Rookie of the Year
I’m going to go ahead and rename this one as “Rookie of the Year-Not Named Eric Hosmer.” Obviously, Hosmer wins this award for the Royals. Hands-down. No vote needed. He is one of the top candidates to win A.L. Rookie of the year, and should in the minds of every Royals fan out there.

Hosmer’s final numbers look like this: 19 HR’s, 27 Doubles, 78 RBI’s, 66 Runs Scored, 11 Stolen Bases, .293 Batting Average, and .799 (OPS).

Stud. Absolute stud. Everybody knows about him and how good he his, so let’s get to the “Rookie of the Year-Not Named Eric Hosmer.”

For this award, I have to go with Greg Holland.

There were a lot of good choices for this award just like all the others. Mike Moustakas’ last couple months were what fans were ready to see when he was called up in early June. His power finally came around in the last month of the season, but it wasn’t quite enough to give him this award.

Aaron Crow’s ridiculous start to the season was overshadowed by his struggles after the All-Star break. Tim Collins and Louis Coleman were good, but inconsistent throughout the season. Johnny Giavotella and Salvador Perez made an instant impact when they were called up, but they didn’t play enough to solidify themselves as candidates for this award. (Although Perez’s offense and defense were much better than expected).

In the end, it had to be Greg Holland. If there was one pitcher you had to pick to get one out this year, it would have to be Holland. When any other young bullpen arm would come into the game, most fans had to be at least a little nervous that run might be given up. Not with Holland. I felt more comfortable every time he was on the mound than any other reliever.

He finished with a 1.80 ERA and 74 strikeouts in 60 innings pitched. If he can keep this up next year, he could become an even more important of the pitching staff.

Honorable Mentions: 2)Moustakas 3)Crow 4)Perez 5)Giavotella

Play of the Year

Jeff Francoeur, Jeff Francoeur, Jeff Francoeur. Right?

When you think of the Royals’ top plays this year, you think of Francoeur. His cannon of an arm was second to none in the Majors this year.

However, with all of Frenchy’s awesome defensive plays, Alcides Escobar has been greatly overshadowed. Maybe it’s because we were spoiled all year by Escobar’s unreal defensive prowess. Maybe it’s because of Frenchy’s constant smile that makes him look like a 10-year-old playing in Little League.

Those two guys would be the main attraction in the Royals Top 10 plays of the year.

For the best of the best, I have to give this award to FrencHy Gunning down Jhonny Peralta of the Detroit Tigers at 3rd base on August 7th. On this play,l Francoeur had to run to his left, field a base hit, square up his body towards 3rd and make the throw. He did all of those things and the throw was on a line right to Mike Moustakas’ glove. The Royals were up 4 to 3 and instead of having runners at 1st and 3rd with one out, the Tigers then had a runner at 1st with two outs. Unreal.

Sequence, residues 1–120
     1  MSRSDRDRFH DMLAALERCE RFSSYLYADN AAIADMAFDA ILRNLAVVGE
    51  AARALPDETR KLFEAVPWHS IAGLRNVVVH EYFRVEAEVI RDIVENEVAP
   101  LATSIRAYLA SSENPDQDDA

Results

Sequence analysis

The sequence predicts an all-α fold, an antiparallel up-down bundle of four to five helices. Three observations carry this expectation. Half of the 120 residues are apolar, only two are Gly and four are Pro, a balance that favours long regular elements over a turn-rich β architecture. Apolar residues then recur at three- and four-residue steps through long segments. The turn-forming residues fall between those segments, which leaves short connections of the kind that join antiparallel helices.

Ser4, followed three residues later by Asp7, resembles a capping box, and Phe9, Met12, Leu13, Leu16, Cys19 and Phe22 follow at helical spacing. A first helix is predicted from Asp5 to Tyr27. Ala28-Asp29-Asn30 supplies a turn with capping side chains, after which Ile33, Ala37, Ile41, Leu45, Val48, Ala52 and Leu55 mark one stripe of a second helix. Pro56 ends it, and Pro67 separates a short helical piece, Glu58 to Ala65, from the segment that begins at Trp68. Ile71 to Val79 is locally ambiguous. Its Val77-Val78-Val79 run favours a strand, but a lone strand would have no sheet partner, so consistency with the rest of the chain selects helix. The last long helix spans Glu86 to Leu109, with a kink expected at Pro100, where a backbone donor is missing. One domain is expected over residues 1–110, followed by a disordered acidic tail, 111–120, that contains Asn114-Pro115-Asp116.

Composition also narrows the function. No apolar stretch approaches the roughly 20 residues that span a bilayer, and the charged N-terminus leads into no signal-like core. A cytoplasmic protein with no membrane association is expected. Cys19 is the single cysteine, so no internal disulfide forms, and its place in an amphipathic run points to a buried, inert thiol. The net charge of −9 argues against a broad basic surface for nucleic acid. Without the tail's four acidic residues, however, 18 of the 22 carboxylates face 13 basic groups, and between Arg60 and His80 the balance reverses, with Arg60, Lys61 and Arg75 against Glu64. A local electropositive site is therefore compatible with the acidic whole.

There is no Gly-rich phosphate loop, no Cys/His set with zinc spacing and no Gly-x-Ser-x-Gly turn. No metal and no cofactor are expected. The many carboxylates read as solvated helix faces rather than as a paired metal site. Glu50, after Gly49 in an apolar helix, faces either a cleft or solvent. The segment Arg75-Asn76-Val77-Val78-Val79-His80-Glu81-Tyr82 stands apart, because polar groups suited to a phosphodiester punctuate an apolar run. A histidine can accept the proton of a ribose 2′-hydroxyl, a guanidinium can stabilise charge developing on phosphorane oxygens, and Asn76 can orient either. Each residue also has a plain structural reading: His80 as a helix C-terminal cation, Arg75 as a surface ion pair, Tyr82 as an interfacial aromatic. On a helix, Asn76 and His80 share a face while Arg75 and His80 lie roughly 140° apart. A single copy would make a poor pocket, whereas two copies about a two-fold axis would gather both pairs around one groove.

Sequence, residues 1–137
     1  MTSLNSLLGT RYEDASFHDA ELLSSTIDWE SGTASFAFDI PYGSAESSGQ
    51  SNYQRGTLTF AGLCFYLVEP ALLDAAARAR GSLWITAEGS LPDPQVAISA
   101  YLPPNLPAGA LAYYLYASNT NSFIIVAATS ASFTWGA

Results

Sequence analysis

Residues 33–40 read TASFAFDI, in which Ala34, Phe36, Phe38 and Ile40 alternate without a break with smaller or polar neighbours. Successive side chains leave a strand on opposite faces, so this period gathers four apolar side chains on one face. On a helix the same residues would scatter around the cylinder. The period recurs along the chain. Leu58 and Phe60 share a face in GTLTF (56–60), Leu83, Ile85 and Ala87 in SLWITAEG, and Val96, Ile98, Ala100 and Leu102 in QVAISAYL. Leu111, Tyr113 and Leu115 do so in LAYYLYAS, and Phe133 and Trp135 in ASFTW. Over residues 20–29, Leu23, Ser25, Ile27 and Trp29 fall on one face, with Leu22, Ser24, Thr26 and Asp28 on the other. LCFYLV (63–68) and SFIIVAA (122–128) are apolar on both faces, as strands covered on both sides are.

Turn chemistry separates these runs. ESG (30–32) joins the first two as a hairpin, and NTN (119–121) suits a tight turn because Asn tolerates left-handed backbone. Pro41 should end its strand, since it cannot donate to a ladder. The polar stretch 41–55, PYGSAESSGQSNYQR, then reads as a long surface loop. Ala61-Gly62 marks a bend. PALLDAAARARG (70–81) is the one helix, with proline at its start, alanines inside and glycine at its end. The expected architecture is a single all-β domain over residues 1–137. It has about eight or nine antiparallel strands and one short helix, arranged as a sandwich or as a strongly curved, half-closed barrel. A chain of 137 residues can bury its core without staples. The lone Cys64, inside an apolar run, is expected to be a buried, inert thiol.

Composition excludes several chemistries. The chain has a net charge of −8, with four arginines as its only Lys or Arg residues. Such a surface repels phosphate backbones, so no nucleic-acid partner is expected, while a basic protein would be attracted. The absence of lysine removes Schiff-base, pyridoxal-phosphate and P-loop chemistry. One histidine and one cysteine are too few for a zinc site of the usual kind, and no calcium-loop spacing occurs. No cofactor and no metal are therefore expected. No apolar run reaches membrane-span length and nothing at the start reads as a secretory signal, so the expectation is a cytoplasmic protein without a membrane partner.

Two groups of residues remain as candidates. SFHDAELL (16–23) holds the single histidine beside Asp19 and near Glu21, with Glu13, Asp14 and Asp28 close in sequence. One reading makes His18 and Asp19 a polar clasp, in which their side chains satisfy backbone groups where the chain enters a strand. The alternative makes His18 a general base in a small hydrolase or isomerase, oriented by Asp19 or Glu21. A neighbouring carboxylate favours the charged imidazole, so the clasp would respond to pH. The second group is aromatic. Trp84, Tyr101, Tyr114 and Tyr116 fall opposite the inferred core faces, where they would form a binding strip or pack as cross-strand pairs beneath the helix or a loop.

Honorable Mentions:

2)Alcides Escobar’s diving stop and throw on former Royal Alberto Callaspo on June 1st. Escobar robbed Callaspo with a dive deep in the hole between 3rd and short. He got up, made the throw, and Hosmer made an incredible scoop on a double hop. The score was 0-0 in the top of the 8th with 2 outs and the bases loaded.

3)Francoeur makes the rare 9-3 putout against the A’s on September 7th.

4)Francoeur robs Dustin Ackley of a homerun on September 9th. Frenchy climbed the wall, and made the catch with his back towards homeplate.

5)Giavotella to Escobar to Hosmer for the double play against the A’s on September 5th. Gio dove to his left, caught the ball on one hop, threw it to Escobar who caught it bare handed, and made the throw to hosmer for the 4-6-3 double play.

Game of the Year
Again, there are a ton of choices for this award. At the beginning of the year, it seemed like the Royals’ first 20 wins came on walk-offs. During the middle of the year, the team was struggling but still fighting back to win games. At the end of the year, the Royals had their 2012 lineup in full effect and showed flashes of greatness.

My Game of the Year Award goes to Royals vs. Rays on July 23rd 2011.

The Royals fought back from a 2-0 and 4-2 deficit to win the game 5-4 in 10 innings.

This game was Mike Moustakas’ breakout game as he went 2-3 with a double and 3 of the Royals’ 5 RBI’s.

Down 4-3 in the bottom of the 9th, the Royals were facing Kyle Farnsworth. Farnsworth pitched for the Royals the previous two years and was not loved by fans, to say the least. Down to their last out, the Royals had Alex Gordon coming up to the plate with Alcides Escobar on 1st. Gordon doubled to deep right center to score Escobar and hand Farnsworth his 4th blown save. It was really nice for fans to watch Farnsworth melt down like he did so many times for the Royals.

Then came the top of the 10th. Aaron Crow came in, walked two batters, and was pulled from the game. Soria came in and gave up a single to load the bases. With no outs, everyone in Kauffman Stadium was nervous about what would happen next.

Soria, who was shaky all season, got a comebacker and two strikeouts to get out of the jam. The score was still 4-4 going into the bottom of the 10th.